Multiple sportfish-related proposals related to king salmon seek to pair closures in the Kenai River with closures in the commercial fisheries. At the 2014 Upper Cook Inlet meeting, the board passed a set of regulations that restricted commercial fisheries based on whether the in-river fisheries were allowed to retain, used bait or not fish for king salmon at all.

In 2017, the board trimmed back some of those restrictions on hours of additional fishing allowed after the setnet fleet complained that they were too restrictive; multiple proposals now seek to strengthen those paired restrictions again. Multiple others seek to scale them back, asserting that they are unfair burdens on the commercial fleet and strangle their ability to operate under their permits.

Like many other Upper Cook Inlet meetings, the proposals for the upcoming one are back-and-forth. For nearly every change proposed to increase restrictions on commercial fisheries, there is a competing proposal from commercial fisheries to loosen existing restrictions, tighten restrictions on sportfisheries or strike a compromise between them.

A number of proposals submitted by setnet fishermen would modify the paired restrictions or allow setnet fishing in some areas while others are restricted during king salmon restrictions on the Kenai River.

The KRSA proposal would establish an Optimum Escapement Goal, or OEG, separate from the existing goals, for late-run kings and reduce the number of hours available to setnets when king salmon fisheries are less than fully prosecuted, with tiers depending on the level of restriction.

Mohr said the goal is to spread the burden of conservation of king salmon, which have been struggling on the Kenai River for more than a decade, across all user groups.

A separate proposal, No. 195, would change the effective date of a rule for commercial fishermen known as the “1 percent rule” from Aug. 7 to July 31 and increase the percentage to 2 percent. Essentially, if the proposal passes, after July 31, the commercial fishery in the Upper Subdistrict would close if any single period’s catch was less than 2 percent of the season’s total catch was taken for two consecutive periods. The goal is to limit take of coho salmon bound for the Kenai River, according to the proposal document.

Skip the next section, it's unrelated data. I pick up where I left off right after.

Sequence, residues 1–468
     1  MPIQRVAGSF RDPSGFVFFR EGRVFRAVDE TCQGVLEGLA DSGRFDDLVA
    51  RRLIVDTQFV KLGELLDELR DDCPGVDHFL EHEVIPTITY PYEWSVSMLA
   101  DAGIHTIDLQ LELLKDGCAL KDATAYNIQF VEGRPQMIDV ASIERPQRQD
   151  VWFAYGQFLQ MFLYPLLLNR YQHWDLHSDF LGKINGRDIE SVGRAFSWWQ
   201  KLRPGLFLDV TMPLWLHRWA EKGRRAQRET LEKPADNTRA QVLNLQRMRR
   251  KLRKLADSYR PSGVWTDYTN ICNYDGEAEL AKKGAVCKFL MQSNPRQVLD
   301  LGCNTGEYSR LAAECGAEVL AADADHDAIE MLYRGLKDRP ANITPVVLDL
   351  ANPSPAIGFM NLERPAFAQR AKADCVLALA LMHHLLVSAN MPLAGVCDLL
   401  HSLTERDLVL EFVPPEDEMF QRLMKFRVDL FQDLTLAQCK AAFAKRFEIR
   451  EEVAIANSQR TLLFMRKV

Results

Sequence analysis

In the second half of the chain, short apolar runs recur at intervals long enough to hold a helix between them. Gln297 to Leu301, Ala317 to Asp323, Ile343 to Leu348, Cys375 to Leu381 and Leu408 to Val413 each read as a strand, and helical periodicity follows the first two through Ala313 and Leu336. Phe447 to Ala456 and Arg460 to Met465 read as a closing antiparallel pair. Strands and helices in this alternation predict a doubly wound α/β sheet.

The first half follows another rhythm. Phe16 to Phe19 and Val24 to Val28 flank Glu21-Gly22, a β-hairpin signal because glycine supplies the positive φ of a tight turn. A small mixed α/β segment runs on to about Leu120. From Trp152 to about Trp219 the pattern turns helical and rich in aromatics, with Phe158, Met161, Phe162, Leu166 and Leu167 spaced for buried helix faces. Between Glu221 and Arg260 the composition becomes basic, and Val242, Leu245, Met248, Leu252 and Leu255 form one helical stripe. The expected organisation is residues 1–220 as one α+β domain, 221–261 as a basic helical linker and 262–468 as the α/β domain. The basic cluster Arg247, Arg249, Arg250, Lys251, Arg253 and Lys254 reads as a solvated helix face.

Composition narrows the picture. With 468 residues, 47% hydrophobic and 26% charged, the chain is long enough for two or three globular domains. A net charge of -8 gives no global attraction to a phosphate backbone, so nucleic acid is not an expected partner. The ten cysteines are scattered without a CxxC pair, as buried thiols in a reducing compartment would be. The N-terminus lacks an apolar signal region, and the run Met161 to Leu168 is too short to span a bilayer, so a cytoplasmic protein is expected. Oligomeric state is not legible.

The United Cook Inlet Drift Association, or UCIDA, a trade association representing drift gillnet fishermen in Upper Cook Inlet, submitted Proposal 187 to eliminate the 1 percent rule on the drift fleet entirely.

UCIDA President David Martin said the proposal is based on the fleet’s longtime belief that the 1 percent rule is unscientific and unfairly closes the fleet early, while there are still pink, chum and silver salmon available to be harvested in the inlet.

It’s difficult for the fleet to deal with, even if there are plenty of salmon coming in, in part because participation drops off in August, he said.

“It has no place in the management of the fisheries for harvesting the surplus and abundance,” he said. “I could be the only “one out there fishing and I could load my boat up, but if it’s not 1 percent, that’d be it.

Similarly, UCIDA submitted a Proposal 102 to decrease the late-run sockeye salmon escapement goals on the Kenai River. The group has long asserted that the escapement goals are too high and set to allocate more fish to the sportfishery, resulting in poorer returns due to too many fish being allowed to return to the Kenai River system.

Proposal 102 would require the department to manage to the lower end of the escapement goal — which would be set at 700,000 fish — in years immediately following years when the estimated return exceeds 1.03 million spawners in the Kenai River.

A number of the proposals for the commercial drift gillnet fishery, such as proposals 123 and 126, seek to increase restrictions on fishing area to promote passage of salmon to the Susitna River and other northern Cook Inlet systems. Contrasting them, UCIDA submitted two proposals, Nos. 134 and 135, to add additional fishing periods for the drifters in Area 1, near the center of the Inlet, during the season.

Martin said the managers have been meeting escapement goals for sockeye in the Susitna system, and that the main stock in trouble in the Valley — king salmon — isn’t under pressure by the drift fleet.

Mohr said KRSA was interested in improving access to fisheries there, as businesses have shuttered and anglers have seen season after season of closures in recent years due to a lack of salmon passage into the valley streams.

“I think we’ve made some good progress on passing more fish north,” he said. “(Mat-Su residents) are longing for more fish up there.”

Martin said he hoped the board members would consider scientific research when making allocative decisions at the upcoming meeting.

“I’m hoping they use the most reliable scientific data that’s available and make decisions based on abundance so we can harvest the surplus and make it a viable fishery for everybody,” he said.

Elizabeth Earl can be reached at [email protected].

Updated: 
01/15/2020 - 9:35am